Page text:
To give examples, Meduza’s source pointed to authorities in the Khabarovsk territory raffling off three tons of coal to vaccinated residents, and the Sverdlovsk region requiring QR-code vaccine passports for purchasing alcohol. Policies like these ensure that the population’s complaints are directed towards “eccentric governors or mayors,” the source explained.
Step 2: Soft power
Thanks to sociological research, Putin’s Executive Office already has an understanding of why many Russians don’t want to get the coronavirus jab. As previously mentioned, one of the main reasons is distrust in the authorities.
A source close to a major sociological campaign commissioned by a government agency said that survey respondents often cite arguments against vaccination such as: “They [the authorities] have their own production of the ‘Sputnik’ [vaccine], and it’s not what they give us. They have another, secret vaccine for their own [people]. They don’t tell us anything, they don’t properly explain, they just scare us.”
One of Meduza’s sources close to Putin’s administration added that against this backdrop, “anti-vax has become mainstream on the Internet.” “There’s always clickbait,” he lamented, blaming “vociferous anti-vaxxers” for obliterating the administration’s “very meager efforts” at an online strategy, as well as its “curators” attempts to promote vaccination and discredit anti-vaxxers. By way of an example, the source sent Meduza several links to anti-vaccination videos on TikTok that have racked up tens of thousands of views.
Asked how to counteract vaccine skepticism, Meduza’s sources close to Putin’s Executive Office found the question difficult to answer. However, the Kremlin is inclined to use “soft power.” Despite the protests from Russians who are unhappy about draft legislation that would require QR-code vaccine passports for access to many public places and certain forms of transportation, Putin’s administration believes that the majority of residents aren’t die-hard anti-vaxxers, but rather people who are “wavering” between getting or refusing the shot. The Kremlin’s new campaign will be designed to target this particular demographic.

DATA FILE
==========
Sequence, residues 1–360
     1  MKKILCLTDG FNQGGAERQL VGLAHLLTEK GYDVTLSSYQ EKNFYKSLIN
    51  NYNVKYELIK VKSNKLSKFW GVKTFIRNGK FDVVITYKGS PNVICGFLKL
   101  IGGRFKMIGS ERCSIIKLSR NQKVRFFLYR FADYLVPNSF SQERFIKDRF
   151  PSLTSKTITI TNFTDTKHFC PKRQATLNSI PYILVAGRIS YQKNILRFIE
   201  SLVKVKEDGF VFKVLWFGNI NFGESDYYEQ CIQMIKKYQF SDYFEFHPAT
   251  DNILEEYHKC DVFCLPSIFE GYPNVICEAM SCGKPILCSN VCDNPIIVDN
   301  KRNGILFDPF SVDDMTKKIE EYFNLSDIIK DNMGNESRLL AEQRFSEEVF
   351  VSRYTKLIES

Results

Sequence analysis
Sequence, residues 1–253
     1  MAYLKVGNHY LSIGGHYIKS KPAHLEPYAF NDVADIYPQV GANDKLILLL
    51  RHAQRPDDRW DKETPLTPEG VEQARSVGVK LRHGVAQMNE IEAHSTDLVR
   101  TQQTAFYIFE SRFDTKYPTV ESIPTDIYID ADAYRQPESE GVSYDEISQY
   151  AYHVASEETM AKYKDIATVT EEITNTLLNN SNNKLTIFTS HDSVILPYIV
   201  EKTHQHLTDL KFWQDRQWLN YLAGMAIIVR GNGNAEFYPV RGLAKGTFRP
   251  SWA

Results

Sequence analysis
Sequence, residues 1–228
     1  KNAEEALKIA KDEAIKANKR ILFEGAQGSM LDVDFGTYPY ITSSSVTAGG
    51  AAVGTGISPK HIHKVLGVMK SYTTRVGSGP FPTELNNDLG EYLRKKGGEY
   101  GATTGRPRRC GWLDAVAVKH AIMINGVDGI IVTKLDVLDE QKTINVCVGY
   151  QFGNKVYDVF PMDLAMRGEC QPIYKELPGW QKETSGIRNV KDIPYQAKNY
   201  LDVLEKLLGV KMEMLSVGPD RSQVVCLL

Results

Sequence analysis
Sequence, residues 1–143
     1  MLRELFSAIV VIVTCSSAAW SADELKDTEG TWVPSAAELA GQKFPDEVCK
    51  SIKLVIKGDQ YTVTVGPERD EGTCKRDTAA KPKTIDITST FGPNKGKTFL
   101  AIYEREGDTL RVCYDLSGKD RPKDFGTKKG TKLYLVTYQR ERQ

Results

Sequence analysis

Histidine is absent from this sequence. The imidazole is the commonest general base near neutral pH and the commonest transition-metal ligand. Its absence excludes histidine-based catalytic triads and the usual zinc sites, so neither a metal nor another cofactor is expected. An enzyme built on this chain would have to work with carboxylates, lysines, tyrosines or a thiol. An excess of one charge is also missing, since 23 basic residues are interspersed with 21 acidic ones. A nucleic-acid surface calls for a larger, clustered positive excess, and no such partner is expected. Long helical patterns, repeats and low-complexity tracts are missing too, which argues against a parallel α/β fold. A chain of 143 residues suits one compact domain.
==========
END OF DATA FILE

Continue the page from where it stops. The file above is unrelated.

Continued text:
“It’s necessary to show that they’re ready to talk to them, to convince them that they’re heard too. People — perhaps some opinion leaders — for whom everything is also ‘not so simple’ will work [to target] this audience online. At first, they will write about vaccination with skepticism, to gain trust, and then they will publicize an authoritative opinion on the safety of the vaccine — or research about how it alleviates the disease. They’ll say that the vaccine is in principle safe and healthy, and that obtaining a [vaccination] certificate makes everyday life so much easier: it’s easier to travel, to go to the cinema, and so on,” explained one of Meduza’s sources close to Putin’s administration.
The Kremlin’s full strategy for “restarting” vaccination in Russia isn’t ready yet. Putin’s spokesman Dmitry Peskov told Meduza that “the president’s administration isn’t involved in a PR campaign for vaccination.” “The relevant departments, the government’s [anti-coronavirus] headquarters, are working on this, nothing fundamentally new is planned. You can see that the campaign is continuing. It’s happening on television channels, doctors are making appearances and so on,” he maintained.
Asked about whether the authorities have recorded a drop in Putin’s ratings amid the controversy over QR-code vaccine passports, Peskov said there’s no such correlation. “There’s no direct relationship, we aren’t seeing it. There’s the usual minor volatility. The level of trust in the president is quite high,” the Kremlin spokesman said.
“Don’t forget that all of this is being conducted by the [anti-coronavirus] headquarters. The initiative of the bill on QR codes specifically belongs to the Cabinet of Ministers,” Peskov added. “As for the QR codes, this is the case all over the world. Many people don’t accept it, but, as they say, the dissenters will be better off alive. Unfortunately, the pandemic is taking a lot of lives.”
Abridged translation by Eilish Hart